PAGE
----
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BIHL’s short term insurance continues to suffer

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The first half of 2017 has seen a continuation of challenging market conditions for the short-term insurance at Botswana Insurance Holdings Limited (BIHL) group as it continues to experience a significant decline in new business. The Group led by Cathrine Letebele-Letegele, indicates in its recently released half year results, that in addition to the decline in new business, there has also been a rise in policy cancellations.

Many of the cancellations emanate from clients experiencing financial constraints, which have made it difficult for them to continue with their Legal Guard policies, according to the group executives. “This has impacted revenue negatively with premium income being 1.4 percent lower than for the same period last year,” reads the results statement. During the first half of the year, Legal Guard together with its sister company, Botswana Life Insurance Limited (BLIL), embarked on and concluded a restructuring exercise.

At the time, management indicated that it had become imperative to align the business’ cost base to levels more appropriate to a business of the size and nature of Legal Guard and thereby improve the company’s ability to achieve sustainable profitability. Legal Guard achieved an operating loss of P0.9 million for the first six months of 2017.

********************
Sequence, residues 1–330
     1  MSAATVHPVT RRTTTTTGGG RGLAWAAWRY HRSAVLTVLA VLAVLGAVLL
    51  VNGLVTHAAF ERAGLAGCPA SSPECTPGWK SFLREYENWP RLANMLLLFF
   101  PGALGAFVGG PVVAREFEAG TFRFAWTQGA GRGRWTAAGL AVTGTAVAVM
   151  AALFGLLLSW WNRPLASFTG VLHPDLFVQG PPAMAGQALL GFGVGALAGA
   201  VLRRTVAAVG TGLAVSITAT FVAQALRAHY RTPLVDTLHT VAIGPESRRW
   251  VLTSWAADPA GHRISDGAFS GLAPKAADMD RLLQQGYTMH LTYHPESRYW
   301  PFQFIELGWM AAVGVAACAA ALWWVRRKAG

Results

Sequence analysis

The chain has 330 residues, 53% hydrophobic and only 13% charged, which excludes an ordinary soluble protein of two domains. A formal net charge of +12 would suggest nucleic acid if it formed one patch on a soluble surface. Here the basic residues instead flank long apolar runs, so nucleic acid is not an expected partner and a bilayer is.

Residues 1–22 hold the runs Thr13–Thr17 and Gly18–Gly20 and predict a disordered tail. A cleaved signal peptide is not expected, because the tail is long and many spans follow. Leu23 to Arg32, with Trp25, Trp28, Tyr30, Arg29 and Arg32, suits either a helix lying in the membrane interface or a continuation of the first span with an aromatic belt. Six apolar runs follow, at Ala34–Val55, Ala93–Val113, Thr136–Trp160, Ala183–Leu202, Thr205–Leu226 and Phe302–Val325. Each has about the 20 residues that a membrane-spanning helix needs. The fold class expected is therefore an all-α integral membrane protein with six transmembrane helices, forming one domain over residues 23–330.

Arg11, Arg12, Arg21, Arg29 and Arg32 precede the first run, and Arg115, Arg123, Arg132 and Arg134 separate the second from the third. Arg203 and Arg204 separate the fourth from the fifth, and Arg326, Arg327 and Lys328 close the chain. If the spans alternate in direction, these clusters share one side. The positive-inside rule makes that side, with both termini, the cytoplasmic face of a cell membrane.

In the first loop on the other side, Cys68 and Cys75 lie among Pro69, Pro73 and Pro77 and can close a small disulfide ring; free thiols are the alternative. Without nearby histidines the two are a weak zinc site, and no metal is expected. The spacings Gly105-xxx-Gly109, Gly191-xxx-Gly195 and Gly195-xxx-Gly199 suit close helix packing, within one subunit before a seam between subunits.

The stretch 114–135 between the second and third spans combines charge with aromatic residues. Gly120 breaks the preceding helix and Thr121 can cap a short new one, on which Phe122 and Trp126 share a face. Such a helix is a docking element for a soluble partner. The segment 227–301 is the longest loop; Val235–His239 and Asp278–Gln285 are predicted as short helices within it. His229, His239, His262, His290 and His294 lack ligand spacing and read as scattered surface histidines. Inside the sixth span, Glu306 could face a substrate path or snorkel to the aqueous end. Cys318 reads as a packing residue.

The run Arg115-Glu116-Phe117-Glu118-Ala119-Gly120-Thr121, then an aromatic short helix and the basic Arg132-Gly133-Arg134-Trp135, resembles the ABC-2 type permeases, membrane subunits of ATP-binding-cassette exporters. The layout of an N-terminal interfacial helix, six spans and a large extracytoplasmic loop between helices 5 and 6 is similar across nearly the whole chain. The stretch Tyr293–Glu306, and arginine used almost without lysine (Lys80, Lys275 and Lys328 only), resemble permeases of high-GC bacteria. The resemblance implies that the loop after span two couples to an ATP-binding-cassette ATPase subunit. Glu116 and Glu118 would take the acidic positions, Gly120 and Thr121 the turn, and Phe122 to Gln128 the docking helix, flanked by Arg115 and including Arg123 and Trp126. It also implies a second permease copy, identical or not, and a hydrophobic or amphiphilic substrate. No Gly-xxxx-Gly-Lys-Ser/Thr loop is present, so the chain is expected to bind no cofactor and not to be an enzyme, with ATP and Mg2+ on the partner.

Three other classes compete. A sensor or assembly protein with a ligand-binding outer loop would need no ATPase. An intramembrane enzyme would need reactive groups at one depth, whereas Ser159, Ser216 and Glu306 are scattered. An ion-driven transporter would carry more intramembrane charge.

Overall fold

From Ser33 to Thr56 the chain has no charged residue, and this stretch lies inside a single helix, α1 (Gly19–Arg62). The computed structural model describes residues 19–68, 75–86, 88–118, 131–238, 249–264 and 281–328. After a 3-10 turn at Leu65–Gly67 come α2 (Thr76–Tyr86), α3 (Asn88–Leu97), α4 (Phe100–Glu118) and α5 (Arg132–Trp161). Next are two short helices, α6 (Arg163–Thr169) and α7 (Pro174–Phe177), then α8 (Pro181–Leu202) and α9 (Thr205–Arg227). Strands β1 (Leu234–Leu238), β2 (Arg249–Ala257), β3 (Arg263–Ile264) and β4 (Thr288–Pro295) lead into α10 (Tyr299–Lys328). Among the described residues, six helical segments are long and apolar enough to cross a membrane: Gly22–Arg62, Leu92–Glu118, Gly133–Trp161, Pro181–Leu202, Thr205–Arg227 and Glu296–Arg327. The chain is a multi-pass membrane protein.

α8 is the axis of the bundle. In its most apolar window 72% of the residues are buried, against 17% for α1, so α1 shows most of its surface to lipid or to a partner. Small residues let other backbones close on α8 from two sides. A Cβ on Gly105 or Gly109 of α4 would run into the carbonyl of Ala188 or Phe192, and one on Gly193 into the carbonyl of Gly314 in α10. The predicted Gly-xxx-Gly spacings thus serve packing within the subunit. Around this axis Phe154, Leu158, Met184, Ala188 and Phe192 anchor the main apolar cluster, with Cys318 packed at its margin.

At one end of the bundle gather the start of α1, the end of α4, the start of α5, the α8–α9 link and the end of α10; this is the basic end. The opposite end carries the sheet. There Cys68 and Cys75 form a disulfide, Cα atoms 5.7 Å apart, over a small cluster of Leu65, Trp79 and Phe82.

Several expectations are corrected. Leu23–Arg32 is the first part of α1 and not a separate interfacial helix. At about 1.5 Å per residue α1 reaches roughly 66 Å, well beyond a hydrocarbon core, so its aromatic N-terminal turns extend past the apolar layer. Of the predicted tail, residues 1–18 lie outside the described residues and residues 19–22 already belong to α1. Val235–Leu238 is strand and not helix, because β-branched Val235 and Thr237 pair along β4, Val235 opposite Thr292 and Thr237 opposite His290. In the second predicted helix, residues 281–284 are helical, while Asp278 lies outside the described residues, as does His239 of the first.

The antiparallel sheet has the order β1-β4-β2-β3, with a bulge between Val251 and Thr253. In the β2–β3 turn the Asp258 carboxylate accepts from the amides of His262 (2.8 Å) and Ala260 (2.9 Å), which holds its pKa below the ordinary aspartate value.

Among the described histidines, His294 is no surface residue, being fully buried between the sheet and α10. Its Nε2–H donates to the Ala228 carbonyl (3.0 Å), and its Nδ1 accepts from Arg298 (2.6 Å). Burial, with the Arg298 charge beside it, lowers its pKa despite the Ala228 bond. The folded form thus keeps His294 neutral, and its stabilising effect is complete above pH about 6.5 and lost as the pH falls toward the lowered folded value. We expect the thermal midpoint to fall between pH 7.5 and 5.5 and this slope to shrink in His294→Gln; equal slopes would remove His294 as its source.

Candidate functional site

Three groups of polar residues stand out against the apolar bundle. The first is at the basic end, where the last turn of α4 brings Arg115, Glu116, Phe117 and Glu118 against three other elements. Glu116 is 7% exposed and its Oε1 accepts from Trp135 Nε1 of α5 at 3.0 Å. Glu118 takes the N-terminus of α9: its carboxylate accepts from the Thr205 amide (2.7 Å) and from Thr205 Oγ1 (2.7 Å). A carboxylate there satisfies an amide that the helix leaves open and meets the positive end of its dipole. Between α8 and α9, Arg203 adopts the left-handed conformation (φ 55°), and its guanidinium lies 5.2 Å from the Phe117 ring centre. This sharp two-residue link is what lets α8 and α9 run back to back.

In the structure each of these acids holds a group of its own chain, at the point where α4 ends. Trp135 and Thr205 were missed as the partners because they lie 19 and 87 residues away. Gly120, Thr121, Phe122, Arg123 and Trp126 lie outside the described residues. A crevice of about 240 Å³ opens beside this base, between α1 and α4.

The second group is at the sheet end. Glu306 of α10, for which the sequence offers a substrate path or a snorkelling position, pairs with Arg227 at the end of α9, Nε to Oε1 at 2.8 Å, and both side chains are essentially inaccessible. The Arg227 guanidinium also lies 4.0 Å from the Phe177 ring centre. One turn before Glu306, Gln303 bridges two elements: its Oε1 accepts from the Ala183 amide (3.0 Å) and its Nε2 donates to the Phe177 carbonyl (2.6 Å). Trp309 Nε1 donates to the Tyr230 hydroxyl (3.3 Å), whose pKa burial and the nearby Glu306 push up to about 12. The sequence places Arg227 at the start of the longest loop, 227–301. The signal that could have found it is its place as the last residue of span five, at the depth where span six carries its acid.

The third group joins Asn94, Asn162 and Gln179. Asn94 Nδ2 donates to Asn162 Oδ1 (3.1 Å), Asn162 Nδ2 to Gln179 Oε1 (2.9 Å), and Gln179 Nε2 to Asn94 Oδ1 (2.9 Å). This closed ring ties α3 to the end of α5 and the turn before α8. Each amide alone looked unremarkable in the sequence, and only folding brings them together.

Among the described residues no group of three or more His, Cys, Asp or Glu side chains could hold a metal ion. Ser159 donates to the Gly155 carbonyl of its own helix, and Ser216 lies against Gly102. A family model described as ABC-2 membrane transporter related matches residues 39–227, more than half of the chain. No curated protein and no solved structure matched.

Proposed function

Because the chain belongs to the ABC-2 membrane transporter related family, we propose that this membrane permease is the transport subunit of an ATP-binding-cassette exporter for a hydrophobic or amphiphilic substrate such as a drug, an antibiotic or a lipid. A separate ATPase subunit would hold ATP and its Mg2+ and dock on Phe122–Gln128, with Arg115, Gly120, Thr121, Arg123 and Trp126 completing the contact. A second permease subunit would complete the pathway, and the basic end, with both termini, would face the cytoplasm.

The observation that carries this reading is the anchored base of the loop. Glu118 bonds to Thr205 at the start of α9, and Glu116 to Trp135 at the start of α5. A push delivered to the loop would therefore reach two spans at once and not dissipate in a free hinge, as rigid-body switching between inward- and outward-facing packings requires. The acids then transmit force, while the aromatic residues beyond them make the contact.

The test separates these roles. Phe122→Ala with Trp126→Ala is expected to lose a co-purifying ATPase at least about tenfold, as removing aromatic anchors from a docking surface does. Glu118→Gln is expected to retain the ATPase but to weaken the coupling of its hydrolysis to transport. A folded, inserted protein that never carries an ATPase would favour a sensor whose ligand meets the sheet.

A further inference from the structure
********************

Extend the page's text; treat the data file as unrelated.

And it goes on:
The main cause of this outturn was a once off P2.1 million cost incurred as part of the restructuring exercise completed on June 2017. Despite these negatives, the first half of 2017 saw a significant achievement for the business with the go-live of its new core operating system in April 2017. The system is expected to improve revenue stability going forward as well as provide an enhanced platform for claims administration.

The system will also facilitate internal process efficiency improvements and the division’s quality of decision making information which will, in turn, reduce the business’ cost ratios, whilst also, releasing resources to focus on customer experience improvements. During the 2015/16 financial year, group reported on its 2016 year end results that the business effected a change in accounting for claims, resulting in an increase in outstanding claims reserves of P2.7 million.